By Ian Hodge
Where has God been this year? What should we think of God in the aftermath of the hurricanes that struck Texas and Puerto Rico so hard to the mass shootings of Las Vegas and in a little country church in Sutherland Springs, Texas? These events force us to ask if God is blind, indifferent, impotent, or dead.
These are fair questions. And they are questions that perhaps we shouldn’t be quick to jump to conclusions on. The temptation is to conclude that because we can’t see God in a certain situation that He must not be there after all, or at least He must not be anyone we’d want to know (which is quite a strange thing to say about God, love him or hate him). Or perhaps the temptation is to never peer too deeply into our pain and grief, but rather to simply parrot clichés like, “God never closes a door without opening a window” to try to pretend our grief and anger don’t exist.
So how do we live with God in the midst of all this? I suggest that the best way to find out where God is starts with prayer, and that prayer must begin with honesty. That’s the example we have in the Bible, after all. Psalm 13 gives us a model of prayer: complaint, request, faith. The complaint is, “How long, Lord? Will you forget me forever?” There’s no covering up of frustration or anger. It doesn’t start with a laundry list of requests. There is a brutal honesty here, a banging on the door, if you will, that we see God is willing to listen to because it’s included in His holy scripture. Then, the request, “Give light to my eyes, or I will sleep in death,” (among other requests). Finally, the Psalmist closes with a statement of faith, “But I trust in your unfailing love, my heart rejoices in your salvation.” This pattern of prayer repeats throughout the Psalms.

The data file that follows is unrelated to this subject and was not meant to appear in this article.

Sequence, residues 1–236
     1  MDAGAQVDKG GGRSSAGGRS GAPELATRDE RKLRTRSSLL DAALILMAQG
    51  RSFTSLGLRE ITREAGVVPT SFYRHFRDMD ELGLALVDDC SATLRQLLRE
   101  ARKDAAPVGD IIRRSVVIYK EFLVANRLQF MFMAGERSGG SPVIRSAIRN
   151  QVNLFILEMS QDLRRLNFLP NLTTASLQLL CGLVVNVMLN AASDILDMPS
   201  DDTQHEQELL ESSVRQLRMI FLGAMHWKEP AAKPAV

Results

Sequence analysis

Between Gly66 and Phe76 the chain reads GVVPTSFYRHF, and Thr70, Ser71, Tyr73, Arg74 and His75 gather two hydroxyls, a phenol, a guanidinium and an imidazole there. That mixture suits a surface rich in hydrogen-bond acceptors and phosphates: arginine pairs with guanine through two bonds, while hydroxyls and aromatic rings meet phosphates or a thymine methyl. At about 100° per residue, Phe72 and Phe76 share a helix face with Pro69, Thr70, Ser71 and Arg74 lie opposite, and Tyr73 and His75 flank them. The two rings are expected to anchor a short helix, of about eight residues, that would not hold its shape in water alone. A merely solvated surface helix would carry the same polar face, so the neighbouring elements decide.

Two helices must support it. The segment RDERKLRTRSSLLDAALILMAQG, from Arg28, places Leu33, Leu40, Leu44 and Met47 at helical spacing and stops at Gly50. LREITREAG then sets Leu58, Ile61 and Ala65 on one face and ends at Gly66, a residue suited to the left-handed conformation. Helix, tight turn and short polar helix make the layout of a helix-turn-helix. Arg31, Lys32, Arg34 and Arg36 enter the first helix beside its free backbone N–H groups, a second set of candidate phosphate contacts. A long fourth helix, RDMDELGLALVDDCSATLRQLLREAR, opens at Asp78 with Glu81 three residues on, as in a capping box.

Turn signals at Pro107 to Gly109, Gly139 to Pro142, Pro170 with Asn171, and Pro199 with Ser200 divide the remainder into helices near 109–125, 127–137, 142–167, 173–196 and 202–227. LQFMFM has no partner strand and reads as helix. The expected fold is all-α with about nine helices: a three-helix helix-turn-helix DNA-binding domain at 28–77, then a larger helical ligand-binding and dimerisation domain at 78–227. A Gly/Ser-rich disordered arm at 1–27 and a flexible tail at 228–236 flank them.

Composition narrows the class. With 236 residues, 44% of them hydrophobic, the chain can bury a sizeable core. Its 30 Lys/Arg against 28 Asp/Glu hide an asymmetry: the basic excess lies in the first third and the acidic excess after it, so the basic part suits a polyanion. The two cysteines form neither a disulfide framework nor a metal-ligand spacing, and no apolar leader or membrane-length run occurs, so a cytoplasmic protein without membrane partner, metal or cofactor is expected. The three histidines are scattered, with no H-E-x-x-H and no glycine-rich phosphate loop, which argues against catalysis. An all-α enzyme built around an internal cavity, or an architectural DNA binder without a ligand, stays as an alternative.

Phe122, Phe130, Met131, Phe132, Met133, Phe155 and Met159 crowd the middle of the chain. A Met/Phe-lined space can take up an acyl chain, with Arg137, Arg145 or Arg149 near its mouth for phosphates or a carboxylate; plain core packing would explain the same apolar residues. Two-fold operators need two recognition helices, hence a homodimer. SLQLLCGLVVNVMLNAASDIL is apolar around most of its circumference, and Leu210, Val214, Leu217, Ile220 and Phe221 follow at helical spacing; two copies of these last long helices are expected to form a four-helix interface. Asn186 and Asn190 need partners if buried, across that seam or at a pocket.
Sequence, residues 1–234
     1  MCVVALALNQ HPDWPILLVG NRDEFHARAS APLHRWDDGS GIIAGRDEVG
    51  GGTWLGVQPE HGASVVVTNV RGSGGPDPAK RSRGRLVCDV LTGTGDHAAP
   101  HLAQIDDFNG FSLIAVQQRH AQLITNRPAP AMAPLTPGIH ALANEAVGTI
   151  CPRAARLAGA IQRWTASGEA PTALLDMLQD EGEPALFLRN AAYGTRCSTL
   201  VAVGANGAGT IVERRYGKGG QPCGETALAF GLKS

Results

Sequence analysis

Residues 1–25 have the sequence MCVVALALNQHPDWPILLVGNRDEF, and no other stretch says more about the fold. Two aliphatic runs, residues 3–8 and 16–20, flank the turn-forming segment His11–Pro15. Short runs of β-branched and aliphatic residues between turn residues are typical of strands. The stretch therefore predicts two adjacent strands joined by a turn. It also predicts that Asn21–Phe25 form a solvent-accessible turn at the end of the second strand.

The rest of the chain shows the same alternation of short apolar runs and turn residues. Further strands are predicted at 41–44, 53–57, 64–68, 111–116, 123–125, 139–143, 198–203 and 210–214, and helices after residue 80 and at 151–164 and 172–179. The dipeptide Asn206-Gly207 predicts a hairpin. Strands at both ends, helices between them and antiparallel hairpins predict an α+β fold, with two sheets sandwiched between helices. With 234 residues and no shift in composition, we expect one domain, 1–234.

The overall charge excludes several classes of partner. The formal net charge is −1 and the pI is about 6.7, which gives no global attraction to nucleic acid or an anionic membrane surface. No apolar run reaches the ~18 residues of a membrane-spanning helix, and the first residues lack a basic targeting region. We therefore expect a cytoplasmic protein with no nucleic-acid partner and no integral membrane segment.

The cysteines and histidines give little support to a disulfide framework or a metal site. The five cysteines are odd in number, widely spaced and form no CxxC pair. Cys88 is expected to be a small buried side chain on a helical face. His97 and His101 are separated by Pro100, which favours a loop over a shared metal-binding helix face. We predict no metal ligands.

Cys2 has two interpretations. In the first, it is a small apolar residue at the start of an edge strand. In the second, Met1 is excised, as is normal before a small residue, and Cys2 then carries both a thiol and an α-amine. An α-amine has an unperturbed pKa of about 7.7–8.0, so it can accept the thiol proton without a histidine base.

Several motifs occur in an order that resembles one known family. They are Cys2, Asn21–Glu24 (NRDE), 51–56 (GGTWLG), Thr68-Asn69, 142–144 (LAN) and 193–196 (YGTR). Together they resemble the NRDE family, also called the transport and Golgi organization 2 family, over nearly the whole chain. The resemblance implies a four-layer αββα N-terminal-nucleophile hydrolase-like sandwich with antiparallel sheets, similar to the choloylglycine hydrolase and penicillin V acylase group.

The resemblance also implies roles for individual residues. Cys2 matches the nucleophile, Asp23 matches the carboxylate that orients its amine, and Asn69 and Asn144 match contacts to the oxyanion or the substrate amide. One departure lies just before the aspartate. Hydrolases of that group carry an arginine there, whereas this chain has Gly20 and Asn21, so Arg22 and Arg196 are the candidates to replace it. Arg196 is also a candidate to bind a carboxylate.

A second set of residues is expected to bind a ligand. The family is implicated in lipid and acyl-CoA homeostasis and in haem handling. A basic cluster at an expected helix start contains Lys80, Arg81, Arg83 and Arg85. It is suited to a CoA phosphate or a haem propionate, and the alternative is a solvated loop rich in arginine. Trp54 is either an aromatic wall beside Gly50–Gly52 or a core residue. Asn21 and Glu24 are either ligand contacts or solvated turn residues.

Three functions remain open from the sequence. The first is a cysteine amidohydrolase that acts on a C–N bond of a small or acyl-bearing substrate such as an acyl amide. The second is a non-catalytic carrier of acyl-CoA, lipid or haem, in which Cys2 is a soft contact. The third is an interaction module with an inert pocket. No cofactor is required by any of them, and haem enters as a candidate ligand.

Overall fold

A prayer over the church shooting in Texas might look like, “God, where are you in the midst of this violence? You won’t stand by and do nothing, will you? Stand up, and show us that you are God! Comfort the hurting. Heal the broken hearted. Show mercy to the needy. Bring an end to senseless violence. Let everyone see who you are, and that you do care. Because I believe that you are a God who rescues.
What you’re beginning to do here is, by prayer, to pull heaven and earth together. In prayer, we can give voice to the cries of our world, and bring that voice right into heaven’s throne room. So cry out in the voice of the grieving mother, of the orphaned child, of the horrified bystander. This is the prayer that authentically seeks explanation rather than carelessly condemns. This is the type of prayer that really relies on faith and not tired clichés. And of course, while prayer really calls into action the resources of heaven, you shouldn’t be surprised if you also are called into action to mediate those resources into our world.
Ian Hodge is pastor of the First Presbyterian Church of Lemon Cove. He may be reached by calling 559-597-2249.
Prays Together is a rotating column between the pastors of the First Presbyterian Church of Exeter, Church of Christ of Exeter, Nazarene Church of Exeter, Church of God of Exeter, the New Life Assembly of God and Rocky Hill Community Church as well as the Lemon Cove Presbyterian Church.
This column is not a news article but the opinion of the writer and does not reflect the views of The Foothills Sun-Gazette newspaper.